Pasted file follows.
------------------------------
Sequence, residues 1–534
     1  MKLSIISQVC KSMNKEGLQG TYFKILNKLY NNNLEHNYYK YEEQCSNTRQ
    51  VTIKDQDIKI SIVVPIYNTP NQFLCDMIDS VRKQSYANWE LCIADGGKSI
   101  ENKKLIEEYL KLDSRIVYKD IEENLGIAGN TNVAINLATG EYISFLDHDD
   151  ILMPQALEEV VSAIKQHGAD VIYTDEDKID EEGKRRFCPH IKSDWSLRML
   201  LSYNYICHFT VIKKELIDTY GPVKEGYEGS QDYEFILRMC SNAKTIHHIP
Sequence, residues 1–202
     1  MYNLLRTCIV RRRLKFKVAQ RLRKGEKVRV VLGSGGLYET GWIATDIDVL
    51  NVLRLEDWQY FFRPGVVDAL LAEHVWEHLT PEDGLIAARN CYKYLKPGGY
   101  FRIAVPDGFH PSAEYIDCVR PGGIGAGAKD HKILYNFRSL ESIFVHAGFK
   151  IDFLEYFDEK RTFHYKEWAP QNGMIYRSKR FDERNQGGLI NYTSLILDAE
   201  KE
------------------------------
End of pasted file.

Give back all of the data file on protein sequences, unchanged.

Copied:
Sequence, residues 1–534
     1  MKLSIISQVC KSMNKEGLQG TYFKILNKLY NNNLEHNYYK YEEQCSNTRQ
    51  VTIKDQDIKI SIVVPIYNTP NQFLCDMIDS VRKQSYANWE LCIADGGKSI
   101  ENKKLIEEYL KLDSRIVYKD IEENLGIAGN TNVAINLATG EYISFLDHDD
   151  ILMPQALEEV VSAIKQHGAD VIYTDEDKID EEGKRRFCPH IKSDWSLRML
   201  LSYNYICHFT VIKKELIDTY GPVKEGYEGS QDYEFILRMC SNAKTIHHIP
Sequence, residues 1–202
     1  MYNLLRTCIV RRRLKFKVAQ RLRKGEKVRV VLGSGGLYET GWIATDIDVL
    51  NVLRLEDWQY FFRPGVVDAL LAEHVWEHLT PEDGLIAARN CYKYLKPGGY
   101  FRIAVPDGFH PSAEYIDCVR PGGIGAGAKD HKILYNFRSL ESIFVHAGFK
   151  IDFLEYFDEK RTFHYKEWAP QNGMIYRSKR FDERNQGGLI NYTSLILDAE
   201  KE